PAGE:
Logging used to be big business along the Sunshine Coast.  Most of the old growth cedars and hemlock are gone except for areas of Roberts Creek near Camp Byng, an area Boy Scout camp.  (Paul’s old house backed up to the camp; three ‘old men’ – ancient old growth cedars – still grew strong on his property.)  Most homes remain nestled within towering groves of second-growth trees.

Except for Howe Sound Pulp and Paper, the mills and lumberjacks are mostly gone, replaced by tourist hordes mostly from Europe.  Germans are drawn particularly to Gibson’s, where Molly’s Reach provided the setting for The Beachcombers, a long-running Canadian TV show which became wildly popular in Germany, filmed on location in Gibson’s.  (The movie Needful Things was also filmed in Gibson’s and along the Coast.)

Coasters love these German invaders, who often opt for extended stays.  Eventually these tourists discover nearby Roberts Creek Provincial Park and other outdoor attractions.  Exploring more northerly reaches of Highway 101, they eventually discover Tsain’Ko, a gift shop selling Coast Salish First Nations arts and crafts owned by a member of the Sechelt Indian Band.  For Tsain’Ko, a busload of Germans on holiday is a license to print money.  It’s almost comical to witness.  (Cruise ships plying the strait off Roberts Creek frequently receive the “one fingered salute” from Creekers assembled to greet them.  You can pretty much guess which finger.)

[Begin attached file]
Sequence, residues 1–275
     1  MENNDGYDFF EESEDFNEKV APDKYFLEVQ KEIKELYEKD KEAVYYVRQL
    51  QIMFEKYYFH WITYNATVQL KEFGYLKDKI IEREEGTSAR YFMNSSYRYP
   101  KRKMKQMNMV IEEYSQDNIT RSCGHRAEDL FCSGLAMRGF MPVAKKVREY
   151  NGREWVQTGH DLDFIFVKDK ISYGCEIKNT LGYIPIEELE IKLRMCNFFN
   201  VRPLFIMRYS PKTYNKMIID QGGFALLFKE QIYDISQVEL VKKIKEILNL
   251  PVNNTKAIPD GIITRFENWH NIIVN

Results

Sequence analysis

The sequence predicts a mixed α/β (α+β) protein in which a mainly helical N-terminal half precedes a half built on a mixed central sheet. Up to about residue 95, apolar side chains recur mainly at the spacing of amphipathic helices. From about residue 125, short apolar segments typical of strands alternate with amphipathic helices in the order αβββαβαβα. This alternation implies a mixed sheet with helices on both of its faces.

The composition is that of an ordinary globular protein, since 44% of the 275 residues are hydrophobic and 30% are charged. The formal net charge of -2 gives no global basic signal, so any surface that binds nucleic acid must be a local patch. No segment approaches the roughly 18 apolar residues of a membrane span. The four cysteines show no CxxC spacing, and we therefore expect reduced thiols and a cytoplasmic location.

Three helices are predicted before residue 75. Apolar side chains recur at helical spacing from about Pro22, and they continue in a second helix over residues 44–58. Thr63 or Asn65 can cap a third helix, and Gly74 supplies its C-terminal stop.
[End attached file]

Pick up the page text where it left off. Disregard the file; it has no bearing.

Dividing Roberts Creek is Roberts Creek, traditionally the watery dividing line between the homelands of the Squamish and Sechelt First Nations, both part of the wider Coast Salish culture.